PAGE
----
Tea Culture and Tea Traditions of Iraq


Tea Drinking Culture in Iraq
Tea History of Iraq
Due to the salinity of the soil, lack of water year-round and poor irrigation, Iraqis are facing difficulties when it comes to agriculture. Merely one-eighth of the total land is arable and their main crops include grains such as wheat, barley, rice, millet, and vegetables, fruits, tobacco and cotton. A crop like tea, which requires a mild climate and ample water is difficult to be grown in Iraq.
Nevertheless, tea found a way. Similar to the Arab world, where people have been consuming tea for centuries, in Iraq there were “Teahouses” from the 1940s. Tea in the historical aspect of Iraq is an extension of the tea drunk and celebrated in Turkey, Iran and other Arabic countries. They use the same samovarbrewed tea, another signal of the Russian-influenced beverage consumed by their Arabic counterparts. Iraqi tea bears unmistakable telltale signs of centuries of Persian and Ottoman influence.
Types of Tea consumed in Iraq
Iraqis prefer black tea as most of the people in that region. Their most popular choices include Ceylon Tea, or Assam (Indian) tea. Even though they add a pinch of milk to their morning tea, usually taken at breakfast, throughout the day tea is made with other ingredients.
Honouring their name-sake “blak tea”, Iraqi tea is truly, black tea. Only in Iraq they brew tea this way with the samovar on the stove for quite a long time, until the tea comes out very strong and very dark. It is then taken with ample sugar, offered as a few cubes in the side of the saucer (djlema), or as a thick precipitate yet to be stirred by the drinker of the tea (sheereen).
Brewed dark and strong, the day-to-day tea of Iraq is sometimes infused with a cinnamon stick. This adds to the flavour as well as the smell of it. They also add a few cardamom pods, to improve the flavour of the tea.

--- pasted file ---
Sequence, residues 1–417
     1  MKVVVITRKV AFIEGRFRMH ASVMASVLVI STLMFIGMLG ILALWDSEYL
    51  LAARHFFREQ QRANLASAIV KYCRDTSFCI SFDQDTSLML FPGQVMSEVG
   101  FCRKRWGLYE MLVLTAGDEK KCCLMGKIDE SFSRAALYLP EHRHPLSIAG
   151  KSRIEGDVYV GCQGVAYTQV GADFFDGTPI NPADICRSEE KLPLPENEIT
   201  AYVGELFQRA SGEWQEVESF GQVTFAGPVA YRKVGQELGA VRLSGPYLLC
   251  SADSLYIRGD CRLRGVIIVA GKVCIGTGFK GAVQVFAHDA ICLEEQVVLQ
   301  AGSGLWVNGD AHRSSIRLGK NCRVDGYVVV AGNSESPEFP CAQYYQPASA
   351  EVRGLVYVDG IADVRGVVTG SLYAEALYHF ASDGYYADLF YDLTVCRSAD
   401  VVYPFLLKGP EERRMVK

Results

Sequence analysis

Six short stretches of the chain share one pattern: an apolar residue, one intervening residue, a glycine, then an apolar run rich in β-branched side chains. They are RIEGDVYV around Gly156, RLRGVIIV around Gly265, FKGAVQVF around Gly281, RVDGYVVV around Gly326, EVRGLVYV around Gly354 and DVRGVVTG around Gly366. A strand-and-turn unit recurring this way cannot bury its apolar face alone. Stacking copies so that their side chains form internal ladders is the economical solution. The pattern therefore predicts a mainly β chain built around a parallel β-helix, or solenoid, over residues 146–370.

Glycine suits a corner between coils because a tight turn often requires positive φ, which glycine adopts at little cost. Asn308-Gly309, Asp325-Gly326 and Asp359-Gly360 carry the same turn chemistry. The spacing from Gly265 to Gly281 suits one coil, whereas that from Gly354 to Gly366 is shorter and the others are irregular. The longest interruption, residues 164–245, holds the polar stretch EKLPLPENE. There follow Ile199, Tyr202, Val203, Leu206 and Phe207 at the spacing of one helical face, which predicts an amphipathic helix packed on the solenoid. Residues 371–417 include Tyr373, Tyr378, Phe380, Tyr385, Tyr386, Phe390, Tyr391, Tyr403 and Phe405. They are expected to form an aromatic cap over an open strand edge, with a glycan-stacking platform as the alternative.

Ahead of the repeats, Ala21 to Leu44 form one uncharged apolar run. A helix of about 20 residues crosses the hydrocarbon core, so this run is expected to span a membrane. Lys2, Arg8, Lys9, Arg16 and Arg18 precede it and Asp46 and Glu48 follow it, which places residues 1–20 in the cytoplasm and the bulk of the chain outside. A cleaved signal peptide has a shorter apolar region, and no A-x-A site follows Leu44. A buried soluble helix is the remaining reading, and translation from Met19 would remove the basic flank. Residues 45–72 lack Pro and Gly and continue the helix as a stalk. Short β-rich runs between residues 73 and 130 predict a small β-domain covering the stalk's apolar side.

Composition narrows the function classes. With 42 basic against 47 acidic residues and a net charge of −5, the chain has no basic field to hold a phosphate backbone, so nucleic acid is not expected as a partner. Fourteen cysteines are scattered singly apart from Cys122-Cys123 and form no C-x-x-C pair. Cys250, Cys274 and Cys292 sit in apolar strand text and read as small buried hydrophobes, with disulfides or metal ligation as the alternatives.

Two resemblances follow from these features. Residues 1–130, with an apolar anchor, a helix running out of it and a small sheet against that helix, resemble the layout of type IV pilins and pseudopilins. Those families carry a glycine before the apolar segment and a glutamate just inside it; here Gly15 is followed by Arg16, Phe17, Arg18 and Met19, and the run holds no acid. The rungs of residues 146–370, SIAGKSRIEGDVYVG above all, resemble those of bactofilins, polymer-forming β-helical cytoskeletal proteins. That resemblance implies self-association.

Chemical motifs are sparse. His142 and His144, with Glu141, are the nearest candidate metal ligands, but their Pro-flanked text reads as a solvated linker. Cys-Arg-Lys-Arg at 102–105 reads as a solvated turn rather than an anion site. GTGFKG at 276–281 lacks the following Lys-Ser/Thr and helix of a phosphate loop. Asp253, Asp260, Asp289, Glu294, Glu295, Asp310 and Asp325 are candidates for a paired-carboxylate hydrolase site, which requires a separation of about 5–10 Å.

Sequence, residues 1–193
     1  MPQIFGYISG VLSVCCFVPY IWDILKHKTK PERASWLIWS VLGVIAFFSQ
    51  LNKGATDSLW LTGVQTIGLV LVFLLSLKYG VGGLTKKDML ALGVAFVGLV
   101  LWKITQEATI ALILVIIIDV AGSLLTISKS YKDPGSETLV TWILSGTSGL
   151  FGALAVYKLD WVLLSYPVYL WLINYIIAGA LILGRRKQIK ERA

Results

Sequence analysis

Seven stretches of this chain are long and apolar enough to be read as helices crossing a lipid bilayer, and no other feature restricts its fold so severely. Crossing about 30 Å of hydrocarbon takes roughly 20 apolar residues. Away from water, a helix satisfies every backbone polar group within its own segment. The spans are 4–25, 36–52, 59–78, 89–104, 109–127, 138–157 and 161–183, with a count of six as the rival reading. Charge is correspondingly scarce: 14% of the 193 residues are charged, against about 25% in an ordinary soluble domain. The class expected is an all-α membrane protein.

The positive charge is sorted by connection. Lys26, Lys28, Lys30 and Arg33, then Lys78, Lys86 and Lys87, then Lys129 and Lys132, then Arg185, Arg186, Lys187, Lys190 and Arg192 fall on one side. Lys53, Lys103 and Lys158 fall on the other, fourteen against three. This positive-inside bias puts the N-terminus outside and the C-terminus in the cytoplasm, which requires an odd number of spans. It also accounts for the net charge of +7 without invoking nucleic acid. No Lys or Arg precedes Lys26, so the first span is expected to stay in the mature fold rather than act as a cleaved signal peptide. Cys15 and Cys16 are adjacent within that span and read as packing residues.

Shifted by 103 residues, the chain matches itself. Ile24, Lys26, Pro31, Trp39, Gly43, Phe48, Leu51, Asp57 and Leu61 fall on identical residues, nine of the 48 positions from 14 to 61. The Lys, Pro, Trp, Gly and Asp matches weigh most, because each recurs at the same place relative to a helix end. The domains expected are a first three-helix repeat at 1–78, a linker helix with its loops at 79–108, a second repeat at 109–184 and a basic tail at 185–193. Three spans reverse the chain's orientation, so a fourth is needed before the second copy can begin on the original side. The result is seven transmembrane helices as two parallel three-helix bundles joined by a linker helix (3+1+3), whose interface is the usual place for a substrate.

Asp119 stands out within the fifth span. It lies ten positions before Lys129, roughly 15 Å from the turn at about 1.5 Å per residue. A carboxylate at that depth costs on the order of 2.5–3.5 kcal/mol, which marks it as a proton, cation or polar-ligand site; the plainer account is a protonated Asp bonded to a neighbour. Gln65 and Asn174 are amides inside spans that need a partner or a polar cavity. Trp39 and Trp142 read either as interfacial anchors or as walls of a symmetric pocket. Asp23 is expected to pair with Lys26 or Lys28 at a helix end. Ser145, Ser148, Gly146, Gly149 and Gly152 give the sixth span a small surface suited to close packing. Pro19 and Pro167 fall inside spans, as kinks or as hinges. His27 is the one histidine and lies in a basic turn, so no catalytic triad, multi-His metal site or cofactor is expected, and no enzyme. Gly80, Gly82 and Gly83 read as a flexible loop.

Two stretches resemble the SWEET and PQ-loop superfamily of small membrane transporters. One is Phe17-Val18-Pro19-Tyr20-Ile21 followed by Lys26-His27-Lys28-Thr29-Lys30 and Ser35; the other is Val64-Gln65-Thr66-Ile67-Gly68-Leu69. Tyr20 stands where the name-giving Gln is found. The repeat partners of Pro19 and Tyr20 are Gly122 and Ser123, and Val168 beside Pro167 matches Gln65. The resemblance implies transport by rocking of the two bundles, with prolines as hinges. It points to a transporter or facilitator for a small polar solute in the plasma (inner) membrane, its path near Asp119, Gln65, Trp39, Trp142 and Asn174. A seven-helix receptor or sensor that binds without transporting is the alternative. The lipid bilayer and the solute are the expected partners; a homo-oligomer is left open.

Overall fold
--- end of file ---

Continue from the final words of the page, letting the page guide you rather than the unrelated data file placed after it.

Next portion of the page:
Other varieties of tea commonly drunk in Iraq include chamomile tea and dried lime tea (noomi basra). Tea infused with “shoe flowers” also known as Hibiscus is most popular in the South of Iraq. And similar to many other countries, Iraqis drink these teas for their medicinal purposes as well. Green tea is almost nonexistent in Iraq.
Tea Customs of Iraq
In Iraq, tea is a way of life and a social bond that ties everyone together. Teahouses are a central gathering place for all men. These establishments known as “Chaikhana” (Chai being tea and “khana” a word in Urdu used for “food”, “eating” or “eating place”) are standing for hundreds of years, even next to UNESCO heritage sites, playing a central role in the social life of the Iraqis. It is the oasis men come to discuss politics, talk about news and play dominos. Teahouses in Iraq have played a major role in main turning points of the country, housing men who went to war and being a heart of a place for all sorts of people – artists, clerics, politicians, labourers, intellectuals, and anyone who’d simply wander in.